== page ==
IN HAWAII, physicians began efforts to improve quality care for hospitalized patients in 1965. Since then, several statewide studies have revealed that nonpunitive peer review systems are ineffective.1,2 Realizing this, The Queen's Medical Center in Honolulu (480 beds) revised its utilization review program in September 19733 to comply with Public Law 92-603 (professional standards review organizations) and with Titles V, XVIII, and XIX under the Social Security Act.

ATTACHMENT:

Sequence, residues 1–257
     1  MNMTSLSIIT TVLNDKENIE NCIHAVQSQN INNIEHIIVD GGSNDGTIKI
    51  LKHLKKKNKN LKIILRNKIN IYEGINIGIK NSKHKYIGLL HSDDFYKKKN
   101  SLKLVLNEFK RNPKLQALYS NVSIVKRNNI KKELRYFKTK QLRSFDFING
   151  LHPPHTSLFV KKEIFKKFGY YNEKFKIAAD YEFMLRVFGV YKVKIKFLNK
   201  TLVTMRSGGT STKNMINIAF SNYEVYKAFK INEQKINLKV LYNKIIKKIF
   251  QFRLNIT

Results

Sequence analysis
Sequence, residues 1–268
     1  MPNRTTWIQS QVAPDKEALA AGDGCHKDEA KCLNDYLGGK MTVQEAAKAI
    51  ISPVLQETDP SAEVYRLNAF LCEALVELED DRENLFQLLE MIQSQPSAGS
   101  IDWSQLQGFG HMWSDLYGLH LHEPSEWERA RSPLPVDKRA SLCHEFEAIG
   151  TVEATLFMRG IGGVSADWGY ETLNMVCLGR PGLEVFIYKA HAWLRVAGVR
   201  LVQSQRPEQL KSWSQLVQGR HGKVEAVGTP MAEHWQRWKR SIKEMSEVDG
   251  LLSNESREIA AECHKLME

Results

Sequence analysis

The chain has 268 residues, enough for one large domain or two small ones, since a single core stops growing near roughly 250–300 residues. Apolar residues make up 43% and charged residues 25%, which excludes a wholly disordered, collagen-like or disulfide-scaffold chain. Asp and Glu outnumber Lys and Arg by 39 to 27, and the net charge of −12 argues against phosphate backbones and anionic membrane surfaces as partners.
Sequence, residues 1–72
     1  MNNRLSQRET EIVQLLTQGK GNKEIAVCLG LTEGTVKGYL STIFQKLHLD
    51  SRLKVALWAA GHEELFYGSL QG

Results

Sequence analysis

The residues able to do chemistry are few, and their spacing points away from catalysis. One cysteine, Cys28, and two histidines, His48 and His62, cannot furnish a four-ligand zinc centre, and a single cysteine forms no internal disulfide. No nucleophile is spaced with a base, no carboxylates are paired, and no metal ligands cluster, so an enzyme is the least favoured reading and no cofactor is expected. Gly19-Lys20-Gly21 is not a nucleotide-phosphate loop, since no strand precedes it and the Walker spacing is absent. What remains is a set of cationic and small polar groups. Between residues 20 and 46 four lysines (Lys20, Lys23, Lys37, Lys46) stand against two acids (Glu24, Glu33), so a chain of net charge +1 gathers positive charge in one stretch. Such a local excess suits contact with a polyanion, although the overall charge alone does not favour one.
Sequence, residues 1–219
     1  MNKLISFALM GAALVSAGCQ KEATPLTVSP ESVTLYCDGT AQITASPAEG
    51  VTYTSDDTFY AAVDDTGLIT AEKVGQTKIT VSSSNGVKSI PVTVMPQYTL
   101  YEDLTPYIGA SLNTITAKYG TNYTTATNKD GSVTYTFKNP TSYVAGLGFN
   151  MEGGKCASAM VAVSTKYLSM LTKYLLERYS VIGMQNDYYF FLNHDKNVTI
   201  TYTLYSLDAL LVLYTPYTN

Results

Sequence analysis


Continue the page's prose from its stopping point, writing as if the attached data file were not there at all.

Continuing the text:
The distinguishing characteristics of our utilization review program are twofold: (1) a team approach, utilizing paramedical staff as well as physicians, and (2) payment for peer review. In an effort to contain costs, our objective is to reduce a patient's length of stay, particularly in the expensive care units. Therefore, high priority is given to analyzing appropriateness of admission, length of stay based on level of care, early diagnosis, proper management, and prompt discharge. Our evaluations focus on facts rather
Tom BCK, Gresham SC, Goto U, Henderson WJ, Judd CS, McDonald BA. Pay the Peers: Utilization Review With a Team Approach and Payment of Physician Reviewers. JAMA. 1976;235(7):738–741. doi:10.1001/jama.1976.03260330032019
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